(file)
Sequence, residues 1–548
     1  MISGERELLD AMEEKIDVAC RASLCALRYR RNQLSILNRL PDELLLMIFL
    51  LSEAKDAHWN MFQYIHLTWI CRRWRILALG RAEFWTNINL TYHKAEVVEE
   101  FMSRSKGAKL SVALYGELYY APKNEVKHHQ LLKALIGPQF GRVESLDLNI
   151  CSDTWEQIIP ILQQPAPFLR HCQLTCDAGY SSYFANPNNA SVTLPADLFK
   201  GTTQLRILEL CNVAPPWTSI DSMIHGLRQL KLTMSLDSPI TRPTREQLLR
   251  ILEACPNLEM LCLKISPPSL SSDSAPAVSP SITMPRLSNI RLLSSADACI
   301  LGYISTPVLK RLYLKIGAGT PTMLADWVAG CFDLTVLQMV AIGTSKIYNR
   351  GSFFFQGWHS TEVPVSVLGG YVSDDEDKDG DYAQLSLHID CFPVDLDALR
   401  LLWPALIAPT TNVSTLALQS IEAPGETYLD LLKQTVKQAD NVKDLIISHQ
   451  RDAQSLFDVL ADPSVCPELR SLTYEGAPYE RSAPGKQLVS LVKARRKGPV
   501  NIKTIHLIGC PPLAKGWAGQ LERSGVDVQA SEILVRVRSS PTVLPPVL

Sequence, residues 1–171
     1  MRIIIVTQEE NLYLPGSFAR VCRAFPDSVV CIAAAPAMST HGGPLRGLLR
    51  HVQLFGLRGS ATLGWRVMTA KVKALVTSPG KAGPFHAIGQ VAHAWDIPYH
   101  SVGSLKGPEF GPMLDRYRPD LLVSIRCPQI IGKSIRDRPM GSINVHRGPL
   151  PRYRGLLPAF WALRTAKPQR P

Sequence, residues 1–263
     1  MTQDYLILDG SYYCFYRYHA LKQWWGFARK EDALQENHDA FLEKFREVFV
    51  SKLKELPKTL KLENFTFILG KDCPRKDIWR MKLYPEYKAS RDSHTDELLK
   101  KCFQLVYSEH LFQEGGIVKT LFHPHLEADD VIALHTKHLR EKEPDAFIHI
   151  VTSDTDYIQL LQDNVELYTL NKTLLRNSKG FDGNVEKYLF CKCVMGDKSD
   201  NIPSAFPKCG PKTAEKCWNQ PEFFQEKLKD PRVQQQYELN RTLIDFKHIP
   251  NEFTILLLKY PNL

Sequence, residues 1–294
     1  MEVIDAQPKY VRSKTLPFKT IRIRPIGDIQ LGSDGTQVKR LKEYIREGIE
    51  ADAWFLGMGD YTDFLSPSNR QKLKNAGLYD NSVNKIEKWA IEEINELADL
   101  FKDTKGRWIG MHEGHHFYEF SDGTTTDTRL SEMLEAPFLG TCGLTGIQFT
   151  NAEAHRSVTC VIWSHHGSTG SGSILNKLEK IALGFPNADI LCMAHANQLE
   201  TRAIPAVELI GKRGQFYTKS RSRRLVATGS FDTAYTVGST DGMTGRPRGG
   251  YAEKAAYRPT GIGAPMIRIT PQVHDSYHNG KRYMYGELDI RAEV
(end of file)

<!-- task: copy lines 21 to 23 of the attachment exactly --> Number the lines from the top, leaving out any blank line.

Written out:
   101  KCFQLVYSEH LFQEGGIVKT LFHPHLEADD VIALHTKHLR EKEPDAFIHI
   151  VTSDTDYIQL LQDNVELYTL NKTLLRNSKG FDGNVEKYLF CKCVMGDKSD
   201  NIPSAFPKCG PKTAEKCWNQ PEFFQEKLKD PRVQQQYELN RTLIDFKHIP